In Summer People, Nathan, a midwestern college dropout/aspiring graphic novelist, is hired as a "caretaker" for Ellen Broderick who summers at Brightonfield Cove, an exclusive coastal community in Maine.

Not everyone in town is civil, let alone welcoming to Nathan except for Edwin Lowell, an Episcopalian pastor and his feisty, dark-eyed beauty of a nanny, Leah, who quickly peeks Nathan’s interest.

Apart from the rounds of evening cocktails, tennis matches at the Golf and Tennis Club, and midnight picnics with Leah, Nathan finds his caretaker’s responsibilities increasingly demanding and Ellen’s behavior unnerving. Ellen's colorful past, and the secrets of this insular town might just be more than Nathan could do to keep them both safe.

A promising debut for Brian Groh and a solid good read.

K-12 Educators: Get a classroom ePal

Looking for a safe and educational online environment for kids? Want to introduce your students to other cultures, the fundamentals of letter writing, and the joys of friendship? Why not get a pen pan? Wait, make that an e-Pal. ePals is the largest online classroom community. It provides a safe way for students to email other children around the world. Currently there are 191 countries, 7 million students and 123,851 classrooms trading short stories, practicing language and literacy skills and swapping classroom videos. Classrooms must register as a group. Join in!

If you prefer more traditional modes of correspondence, check out our books on letter writing for kids.

Messages in the Mailbox: How to Write a Letter
Putting it in Writing
Sincerely Yours: How to Write Great Letters
The Young Writer’s Handbook

Charles Baxter's "Soul Thief" Coming Out Next Year

Former Ann Arborite and U-M creative writing teacher Charles Baxter has a short novel coming out next year, “Soul Thief,” about a person who slips into someone else’s personality. And a film based on Baxter’s novel The Feast of Love is due to be released in September, according to StarTribune.com. The article says Baxter, who lives in Minneapolis, is turning 60 next week. Happy birthday!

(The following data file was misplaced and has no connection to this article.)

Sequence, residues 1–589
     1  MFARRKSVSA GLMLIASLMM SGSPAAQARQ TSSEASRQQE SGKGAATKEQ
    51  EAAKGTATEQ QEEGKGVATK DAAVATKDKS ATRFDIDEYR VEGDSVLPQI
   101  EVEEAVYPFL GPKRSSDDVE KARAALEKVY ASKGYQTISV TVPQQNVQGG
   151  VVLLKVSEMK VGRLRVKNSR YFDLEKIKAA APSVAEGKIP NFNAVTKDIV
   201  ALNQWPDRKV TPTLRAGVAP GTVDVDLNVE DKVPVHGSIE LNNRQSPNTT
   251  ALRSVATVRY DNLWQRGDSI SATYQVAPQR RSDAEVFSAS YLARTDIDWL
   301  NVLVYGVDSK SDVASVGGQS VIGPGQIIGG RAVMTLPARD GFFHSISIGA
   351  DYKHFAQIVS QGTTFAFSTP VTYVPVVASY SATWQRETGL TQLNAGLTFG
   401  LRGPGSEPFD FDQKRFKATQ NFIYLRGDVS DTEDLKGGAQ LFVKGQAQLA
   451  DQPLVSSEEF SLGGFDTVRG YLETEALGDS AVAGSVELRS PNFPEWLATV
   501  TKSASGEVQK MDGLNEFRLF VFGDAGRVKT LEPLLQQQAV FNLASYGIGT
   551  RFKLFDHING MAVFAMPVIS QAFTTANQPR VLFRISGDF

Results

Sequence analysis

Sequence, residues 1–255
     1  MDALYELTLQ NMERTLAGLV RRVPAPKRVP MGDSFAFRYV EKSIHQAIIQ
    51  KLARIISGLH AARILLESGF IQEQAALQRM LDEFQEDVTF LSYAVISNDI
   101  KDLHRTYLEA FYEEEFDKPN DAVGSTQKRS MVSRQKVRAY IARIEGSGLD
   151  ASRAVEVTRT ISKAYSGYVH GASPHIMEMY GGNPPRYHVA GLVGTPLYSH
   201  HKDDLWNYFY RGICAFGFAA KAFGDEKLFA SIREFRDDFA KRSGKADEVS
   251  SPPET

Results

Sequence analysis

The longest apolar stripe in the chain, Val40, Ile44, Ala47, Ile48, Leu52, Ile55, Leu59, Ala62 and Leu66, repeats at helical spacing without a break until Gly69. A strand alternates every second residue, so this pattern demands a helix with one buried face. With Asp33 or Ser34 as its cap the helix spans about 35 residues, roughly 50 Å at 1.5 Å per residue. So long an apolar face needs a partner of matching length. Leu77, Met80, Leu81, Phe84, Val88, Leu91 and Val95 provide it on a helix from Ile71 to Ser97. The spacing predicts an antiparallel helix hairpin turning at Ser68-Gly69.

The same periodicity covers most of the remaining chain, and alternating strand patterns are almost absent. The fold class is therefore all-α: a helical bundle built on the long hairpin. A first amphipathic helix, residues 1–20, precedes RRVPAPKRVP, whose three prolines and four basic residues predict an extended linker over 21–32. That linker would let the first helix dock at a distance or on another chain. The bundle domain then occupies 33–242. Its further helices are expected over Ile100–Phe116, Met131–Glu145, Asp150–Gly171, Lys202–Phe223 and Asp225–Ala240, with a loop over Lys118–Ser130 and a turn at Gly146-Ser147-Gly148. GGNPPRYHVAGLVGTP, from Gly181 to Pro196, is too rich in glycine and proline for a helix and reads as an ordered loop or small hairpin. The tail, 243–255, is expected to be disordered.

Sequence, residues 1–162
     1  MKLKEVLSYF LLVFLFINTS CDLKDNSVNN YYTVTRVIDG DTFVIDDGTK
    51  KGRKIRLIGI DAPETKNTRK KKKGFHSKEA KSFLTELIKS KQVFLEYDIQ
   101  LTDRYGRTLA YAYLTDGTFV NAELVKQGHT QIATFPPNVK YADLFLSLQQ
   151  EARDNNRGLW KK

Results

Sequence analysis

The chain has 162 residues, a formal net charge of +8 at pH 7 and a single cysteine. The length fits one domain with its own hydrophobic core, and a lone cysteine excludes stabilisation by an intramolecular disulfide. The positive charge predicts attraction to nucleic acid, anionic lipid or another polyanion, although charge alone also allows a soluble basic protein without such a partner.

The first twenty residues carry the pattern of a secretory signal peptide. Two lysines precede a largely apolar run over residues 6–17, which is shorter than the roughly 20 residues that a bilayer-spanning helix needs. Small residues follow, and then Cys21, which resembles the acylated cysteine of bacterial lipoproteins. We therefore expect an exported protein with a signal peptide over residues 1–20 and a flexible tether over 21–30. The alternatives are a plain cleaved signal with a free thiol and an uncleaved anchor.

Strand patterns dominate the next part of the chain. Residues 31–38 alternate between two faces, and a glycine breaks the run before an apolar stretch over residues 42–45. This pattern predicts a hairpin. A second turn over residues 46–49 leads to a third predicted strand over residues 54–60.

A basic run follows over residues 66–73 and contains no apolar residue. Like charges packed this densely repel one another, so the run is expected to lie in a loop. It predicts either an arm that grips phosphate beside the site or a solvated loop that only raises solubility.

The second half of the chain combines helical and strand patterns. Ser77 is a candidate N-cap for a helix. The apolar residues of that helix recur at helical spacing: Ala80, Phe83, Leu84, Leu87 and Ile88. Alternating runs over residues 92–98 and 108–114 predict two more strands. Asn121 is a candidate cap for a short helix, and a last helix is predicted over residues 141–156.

Disturbing Images of Darfur

The urgent humanitarian crisis in Sudan’s western region of Darfur is the subject of a photo exhibit opening Friday at AADL’s Mallet’s Creek branch. Sponsored by a number of church and temple groups, the exhibit showcases the photographs of native Michigander Ryan Spencer Reed and is called Hands of a Displaced Sudan: The Cost of Silence. The grand opening of the exhibit is scheduled for 6-8 p.m. Friday, May 4, when people will be able to meet the photographer and view the photographs he shot and smuggled out of Darfur. At AADL there are a number of good books about the Darfur crisis, including the new book The Devil Came on Horseback: Bearing witness to the genocide in Darfur by Brian Steidle.

Fabulous Fiction Firsts #61

Winner of the prestigious Rómulo Gallegos Prize in 1999, Los detectives salvajes is the first of the author's large body of works to be translated into English as the The Savage Detectives*. (Also in our collection, his short stories Last Evenings on Earth).

This major work by Chilan born Roberto Bolano recounts 17 year-old Juan García Madero's initiation into the militant literary movement started by young poets Arturo Belano (Bolaño's alter ego) and Ulises Lima in the 1970s in Mexico City. The three, with a fugitive prostitute in tow, set out in quest of Mexican poet Cesárea Tinajero, who apparently disappeared in the Sonoran Desert in the 1920s. This road trip spanned a decade, took the travelers to Guatemala, Barcelona, Paris, Israel, Congo, Liberia, and the U.S., and in large part, being told through voices of the people they met along the way.

Humorous and tragic, "Bolano fashions an engrossing lost world of youth and utopian ambition, as particular and vivid as it is sad and uncontainable”. ~ Publishers Weekly . Roberto Bolano died of liver failure at the age of 50 in 2003. Obituary

* = Starred Reviews